Louisville-Southern Indiana Ohio River Bridges Project, East End Crossing
Louisville, Ky., and Jeffersonville, Ind.   
Best Project

Owner: Indiana Finance Authority
Owner’s Representative/Technical Advisor: Parsons Corp.
Lead Design Firm/Structural/Civil Engineer: Jacobs Engineering Group
General Contractor: WVC Construction
Consultant: International Bridge Technologies Inc.
Consultant: Lachel & Associates

The East End Crossing, now known as the Lewis and Clark Bridge, is roughly half of the $2.3-billion Louisville-Southern Indiana Ohio River Bridges Project, a multi-bridge modernization involving several crossings of the Ohio River between Louisville, Ky., and Jeffersonville, Ind. The bridges will make Louisville’s highway network more efficient by linking roads that previously terminated near the river in both states.

Two 300-ft-tall diamond-frame towers support a four-lane roadway with 104 cable stays. Contractors completed the 2,500-ft-long bridge through a P3 design-build process that included the Indiana Dept. of Transportation, Parsons, and WVB East End Partners, itself a consortium of Walsh Investors LLC, VINCI Concessions and Bilfinger Project Investments.

Designing and building the bridge involved an international team constructing an eight-mile-long expressway that included a 1,700-ft-long twin-bore tunnel on the Kentucky approach. The design-build method shaved more than seven years off a 15-year traditional design-bid-build construction schedule and saved more than $200 million in project costs.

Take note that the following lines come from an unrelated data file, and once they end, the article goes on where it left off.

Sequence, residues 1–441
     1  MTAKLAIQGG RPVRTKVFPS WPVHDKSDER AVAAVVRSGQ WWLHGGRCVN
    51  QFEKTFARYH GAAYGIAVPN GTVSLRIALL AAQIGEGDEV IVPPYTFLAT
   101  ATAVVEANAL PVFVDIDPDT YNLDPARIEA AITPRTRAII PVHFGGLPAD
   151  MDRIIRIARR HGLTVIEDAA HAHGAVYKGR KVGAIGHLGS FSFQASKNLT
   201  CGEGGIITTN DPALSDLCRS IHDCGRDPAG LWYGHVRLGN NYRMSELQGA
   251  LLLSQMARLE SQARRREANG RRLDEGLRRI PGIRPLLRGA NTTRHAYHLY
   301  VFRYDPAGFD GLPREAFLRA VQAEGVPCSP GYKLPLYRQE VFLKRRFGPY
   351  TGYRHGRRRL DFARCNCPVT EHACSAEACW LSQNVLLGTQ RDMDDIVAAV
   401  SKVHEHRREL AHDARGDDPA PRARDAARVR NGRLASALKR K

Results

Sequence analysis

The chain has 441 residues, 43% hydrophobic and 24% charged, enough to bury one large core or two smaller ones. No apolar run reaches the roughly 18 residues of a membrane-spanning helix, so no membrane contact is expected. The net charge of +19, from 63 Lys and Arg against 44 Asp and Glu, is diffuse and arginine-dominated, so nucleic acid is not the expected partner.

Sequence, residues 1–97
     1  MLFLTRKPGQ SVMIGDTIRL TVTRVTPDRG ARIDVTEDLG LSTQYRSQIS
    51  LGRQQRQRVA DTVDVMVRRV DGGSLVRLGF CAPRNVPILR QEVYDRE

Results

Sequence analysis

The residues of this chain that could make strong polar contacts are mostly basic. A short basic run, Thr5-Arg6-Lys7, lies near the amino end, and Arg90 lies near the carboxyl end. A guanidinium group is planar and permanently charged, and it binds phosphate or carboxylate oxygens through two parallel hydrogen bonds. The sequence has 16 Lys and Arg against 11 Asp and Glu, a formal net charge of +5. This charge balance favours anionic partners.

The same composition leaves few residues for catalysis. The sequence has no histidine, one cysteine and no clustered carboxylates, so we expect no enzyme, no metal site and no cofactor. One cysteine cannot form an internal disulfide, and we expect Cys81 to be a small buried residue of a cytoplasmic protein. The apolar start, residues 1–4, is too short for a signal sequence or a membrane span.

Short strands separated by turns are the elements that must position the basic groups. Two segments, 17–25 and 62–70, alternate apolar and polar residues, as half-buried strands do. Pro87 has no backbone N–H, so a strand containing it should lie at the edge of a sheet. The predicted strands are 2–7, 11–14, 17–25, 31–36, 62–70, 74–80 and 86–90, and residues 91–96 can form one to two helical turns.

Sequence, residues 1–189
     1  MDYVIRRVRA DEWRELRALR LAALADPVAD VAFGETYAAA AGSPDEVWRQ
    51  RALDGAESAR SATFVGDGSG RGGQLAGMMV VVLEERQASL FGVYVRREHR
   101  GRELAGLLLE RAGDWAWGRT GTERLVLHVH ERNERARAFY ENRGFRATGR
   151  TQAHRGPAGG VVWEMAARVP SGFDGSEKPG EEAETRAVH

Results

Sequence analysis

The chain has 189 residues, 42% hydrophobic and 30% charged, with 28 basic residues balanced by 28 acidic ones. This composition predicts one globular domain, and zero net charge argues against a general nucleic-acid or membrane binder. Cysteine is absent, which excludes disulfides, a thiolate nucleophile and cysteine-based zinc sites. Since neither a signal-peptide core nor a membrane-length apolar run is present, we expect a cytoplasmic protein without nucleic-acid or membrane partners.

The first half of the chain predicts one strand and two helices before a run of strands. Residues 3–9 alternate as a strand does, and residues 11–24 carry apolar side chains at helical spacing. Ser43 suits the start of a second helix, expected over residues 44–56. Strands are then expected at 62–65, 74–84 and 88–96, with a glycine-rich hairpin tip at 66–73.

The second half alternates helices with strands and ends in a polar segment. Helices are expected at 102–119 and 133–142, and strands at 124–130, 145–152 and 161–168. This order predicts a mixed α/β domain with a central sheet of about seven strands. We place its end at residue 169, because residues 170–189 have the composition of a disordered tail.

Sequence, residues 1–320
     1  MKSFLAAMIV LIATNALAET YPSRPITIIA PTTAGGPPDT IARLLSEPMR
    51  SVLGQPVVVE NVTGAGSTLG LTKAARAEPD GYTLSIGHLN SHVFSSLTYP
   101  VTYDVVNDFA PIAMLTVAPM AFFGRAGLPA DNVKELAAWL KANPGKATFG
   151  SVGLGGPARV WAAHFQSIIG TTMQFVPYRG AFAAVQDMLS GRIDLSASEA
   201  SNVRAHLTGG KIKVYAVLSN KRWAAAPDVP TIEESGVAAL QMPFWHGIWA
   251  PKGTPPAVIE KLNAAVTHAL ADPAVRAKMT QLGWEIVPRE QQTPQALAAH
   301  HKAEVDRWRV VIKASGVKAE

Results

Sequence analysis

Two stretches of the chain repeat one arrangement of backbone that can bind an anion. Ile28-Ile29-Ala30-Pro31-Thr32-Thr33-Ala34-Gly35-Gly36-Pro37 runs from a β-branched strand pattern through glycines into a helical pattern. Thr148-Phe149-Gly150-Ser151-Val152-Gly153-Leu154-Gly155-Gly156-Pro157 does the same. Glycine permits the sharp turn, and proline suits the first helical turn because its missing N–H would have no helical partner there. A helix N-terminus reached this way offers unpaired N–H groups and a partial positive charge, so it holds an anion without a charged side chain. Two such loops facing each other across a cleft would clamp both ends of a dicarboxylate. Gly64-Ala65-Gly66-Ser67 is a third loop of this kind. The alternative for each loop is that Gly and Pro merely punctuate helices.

Crews assembled the superstructure for the entire backspan portion of the Indiana bridge—measuring 540 ft long by 140 ft wide—in segments on grade in Indiana then launched them over temporary piers to the tower on that side of the river. High water delayed completion of the main span towers, affecting the project’s schedule. The backspan launching allowed the assembly of the superstructure steel to begin before the towers were completed and made it possible to regain lost schedule.

A major rockfall event happened halfway through construction of the tunnel on the Kentucky side. The tunnel’s schedule paralleled that of the main bridge, so the project team quickly had to determine why it happened and how to fix it.

The project team used an industry-tested system of steel rib sets and wood lagging to supplement the temporary support system and repair the collapsed tunnel section. With schedule-related penalties looming and project costs mounting, the team agreed that the steel sets and lagging would work long term and could be implemented quickly. Construction recovered from five months of delay with only 18 months remaining, and the project opened on time.

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